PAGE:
Certain management and leadership strategies are effective across the board in business, non-profit, community, volunteer and government organizations. Specific strategies exist for particular purposes, such as classroom management, IT management and non-profit leadership, but managers can tailor many of the principles to fit a variety of situations.
Create Leadership Teams
According to Rosabeth Moss Kanter of Harvard Business School, “Leaders often come in pairs, trios and quartets, operating as a unit in spirit even if one of them has final authority in law.” Leaders find the best people, train and prepare them carefully, put them in appropriate positions and hand them the game plan. At this point, success is up to the players on the field. When trust and loyalty exist on a leadership team, more innovations emerge, more projects launch and more work gets done.
Avoid Worker Burnout
When exhausted staff burn out from stress or overwork, the whole project suffers. Kathleen O’Connor, owner of the O'Connor Success System, suggests three strategies to avoid employee burnout. First, limit or abolish Friday meetings and allow employees to start their weekends free of work-related responsibilities. Second, avoid travel weekends and limit employees' nights away from home. Third, limit technological "tethers" to the job. Staff should not feel pressure to check voice mail, email or pagers, or respond to any but emergency communications.
Keep the Conversation Open
Leaders model loyalty to the team by welcoming discussion and respectful disagreement and by taking the feedback of their followers seriously. They show a willingness to take into account other opinions by allowing open conversation and by considering all appropriate viewpoints. Keeping the conversation open is not just a show of solidarity. Managers benefit from hearing perspectives and feedback, as well as being exposed to new information.
Effective managers, like good chess players, learn to anticipate problems and opportunities, make allowances for the unexpected and understand the implications of actions. Based on prior experience, the input of colleagues, factual variables and observations about responses and reactions of others, they try to think two or three moves ahead.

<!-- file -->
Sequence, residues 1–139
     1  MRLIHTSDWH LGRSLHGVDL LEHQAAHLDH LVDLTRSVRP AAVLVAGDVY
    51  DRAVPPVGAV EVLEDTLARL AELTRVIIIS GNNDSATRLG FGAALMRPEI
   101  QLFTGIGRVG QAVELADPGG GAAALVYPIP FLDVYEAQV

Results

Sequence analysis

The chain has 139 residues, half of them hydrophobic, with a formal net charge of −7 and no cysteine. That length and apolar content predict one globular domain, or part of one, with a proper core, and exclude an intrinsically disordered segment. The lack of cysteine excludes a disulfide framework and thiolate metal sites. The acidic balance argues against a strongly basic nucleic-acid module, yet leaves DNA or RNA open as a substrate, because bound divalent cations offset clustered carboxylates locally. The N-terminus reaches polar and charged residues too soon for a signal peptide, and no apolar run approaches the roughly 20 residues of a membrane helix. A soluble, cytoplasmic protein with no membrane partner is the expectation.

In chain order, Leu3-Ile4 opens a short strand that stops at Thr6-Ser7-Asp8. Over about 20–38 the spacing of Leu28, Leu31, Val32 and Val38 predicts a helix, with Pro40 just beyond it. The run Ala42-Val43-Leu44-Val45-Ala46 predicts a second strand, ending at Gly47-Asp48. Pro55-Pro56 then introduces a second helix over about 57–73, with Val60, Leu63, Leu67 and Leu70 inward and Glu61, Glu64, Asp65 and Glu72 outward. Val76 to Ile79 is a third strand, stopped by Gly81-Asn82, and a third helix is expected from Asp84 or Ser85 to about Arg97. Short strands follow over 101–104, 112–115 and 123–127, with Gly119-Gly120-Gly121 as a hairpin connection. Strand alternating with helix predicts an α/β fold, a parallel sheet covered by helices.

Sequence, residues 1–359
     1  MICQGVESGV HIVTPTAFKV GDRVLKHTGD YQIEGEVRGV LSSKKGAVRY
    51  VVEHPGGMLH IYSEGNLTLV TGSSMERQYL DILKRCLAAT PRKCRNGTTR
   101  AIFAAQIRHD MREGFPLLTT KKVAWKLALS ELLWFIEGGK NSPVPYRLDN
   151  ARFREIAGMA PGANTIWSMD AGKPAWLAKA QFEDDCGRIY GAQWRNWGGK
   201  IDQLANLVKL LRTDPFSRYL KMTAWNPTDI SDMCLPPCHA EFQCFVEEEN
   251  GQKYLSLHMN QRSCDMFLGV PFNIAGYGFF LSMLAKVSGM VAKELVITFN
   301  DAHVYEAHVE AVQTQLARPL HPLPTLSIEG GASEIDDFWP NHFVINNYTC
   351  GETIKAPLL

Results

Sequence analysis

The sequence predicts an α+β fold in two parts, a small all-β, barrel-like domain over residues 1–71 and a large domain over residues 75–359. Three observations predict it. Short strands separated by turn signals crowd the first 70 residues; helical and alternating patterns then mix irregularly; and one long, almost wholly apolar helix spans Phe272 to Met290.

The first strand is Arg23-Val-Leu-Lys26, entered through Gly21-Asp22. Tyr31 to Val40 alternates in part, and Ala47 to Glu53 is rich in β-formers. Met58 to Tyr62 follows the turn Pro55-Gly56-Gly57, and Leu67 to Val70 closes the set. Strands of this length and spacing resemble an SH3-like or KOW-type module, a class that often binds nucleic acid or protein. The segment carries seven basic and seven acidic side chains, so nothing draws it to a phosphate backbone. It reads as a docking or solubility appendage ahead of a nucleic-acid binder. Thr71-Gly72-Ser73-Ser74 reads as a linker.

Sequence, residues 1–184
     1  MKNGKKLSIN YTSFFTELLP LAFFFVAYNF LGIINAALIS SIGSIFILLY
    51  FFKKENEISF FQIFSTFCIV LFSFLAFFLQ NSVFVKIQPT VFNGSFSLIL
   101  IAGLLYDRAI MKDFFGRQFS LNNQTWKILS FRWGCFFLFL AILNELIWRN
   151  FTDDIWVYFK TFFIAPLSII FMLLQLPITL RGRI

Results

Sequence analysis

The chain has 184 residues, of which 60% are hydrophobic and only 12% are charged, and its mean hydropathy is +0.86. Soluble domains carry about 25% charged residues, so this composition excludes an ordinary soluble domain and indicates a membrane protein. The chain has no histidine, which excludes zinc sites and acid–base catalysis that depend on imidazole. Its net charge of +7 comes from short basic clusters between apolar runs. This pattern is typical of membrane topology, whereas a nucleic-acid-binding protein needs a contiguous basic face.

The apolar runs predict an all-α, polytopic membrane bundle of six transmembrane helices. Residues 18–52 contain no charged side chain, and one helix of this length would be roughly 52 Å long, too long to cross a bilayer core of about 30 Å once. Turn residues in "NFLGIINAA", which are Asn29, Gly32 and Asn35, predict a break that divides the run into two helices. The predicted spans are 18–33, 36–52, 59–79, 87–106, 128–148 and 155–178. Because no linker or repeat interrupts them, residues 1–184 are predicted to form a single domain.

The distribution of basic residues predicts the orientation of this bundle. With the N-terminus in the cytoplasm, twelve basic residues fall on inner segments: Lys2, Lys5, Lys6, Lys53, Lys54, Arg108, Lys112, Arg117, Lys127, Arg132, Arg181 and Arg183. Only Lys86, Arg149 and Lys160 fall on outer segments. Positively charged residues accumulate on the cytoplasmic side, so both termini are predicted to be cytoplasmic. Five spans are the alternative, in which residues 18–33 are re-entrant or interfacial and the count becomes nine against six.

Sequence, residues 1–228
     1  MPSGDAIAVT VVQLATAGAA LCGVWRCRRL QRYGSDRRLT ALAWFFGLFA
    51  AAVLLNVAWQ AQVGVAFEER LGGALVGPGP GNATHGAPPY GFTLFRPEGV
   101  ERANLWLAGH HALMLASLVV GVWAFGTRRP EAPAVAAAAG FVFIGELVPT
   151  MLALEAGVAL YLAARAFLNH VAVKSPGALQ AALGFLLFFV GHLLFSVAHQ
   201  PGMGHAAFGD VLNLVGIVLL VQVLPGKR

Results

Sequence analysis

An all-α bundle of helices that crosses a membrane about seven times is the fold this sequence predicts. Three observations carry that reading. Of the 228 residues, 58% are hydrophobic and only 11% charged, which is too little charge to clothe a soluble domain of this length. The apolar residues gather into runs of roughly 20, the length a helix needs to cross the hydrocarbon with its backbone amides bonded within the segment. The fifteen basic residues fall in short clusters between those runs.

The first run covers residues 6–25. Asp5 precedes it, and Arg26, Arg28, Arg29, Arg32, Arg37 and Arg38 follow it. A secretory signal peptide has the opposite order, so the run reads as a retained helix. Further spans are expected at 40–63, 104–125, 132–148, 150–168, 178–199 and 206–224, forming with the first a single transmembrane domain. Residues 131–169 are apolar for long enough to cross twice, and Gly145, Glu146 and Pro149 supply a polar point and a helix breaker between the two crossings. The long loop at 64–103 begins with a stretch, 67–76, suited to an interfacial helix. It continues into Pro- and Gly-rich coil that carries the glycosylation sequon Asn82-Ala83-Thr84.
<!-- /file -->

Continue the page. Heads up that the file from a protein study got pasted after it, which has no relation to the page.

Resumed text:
Leaders set up teams for success or failure by how effectively they have articulated goals, priorities, standards and expectations. Managers must hold themselves accountable for whether people are in a position to meet expectations and ensure that team members are never exposed to humiliation when they request clarification or express valid concerns.
In a rapidly changing economy, business leaders must balance top-down and bottom-up strategies to maximize their potential for growth. In top-down systems, top managers communicate guidelines, information, plans, objectives and expectations to lower-level teams that are expected to implement or achieve them. The weakness of this approach is that murky communication will admit the possibility of failure. The strength, if the top-down strategy is performed effectively, is clarity of vision and control of direction. In bottom-up systems, team members participate in every step of the management process, resulting in more rapid response to changing conditions and the incorporation of more information.
Lorena Cassady has written professionally since 1982. She was an instructor and mentor teacher for a Bachelor of Arts in management program and has administered a home-health agency. She has been published in "Traveler's Tales" and holds a Master of Arts in English and creative writing from San Francisco State University. Cassady is bilingual.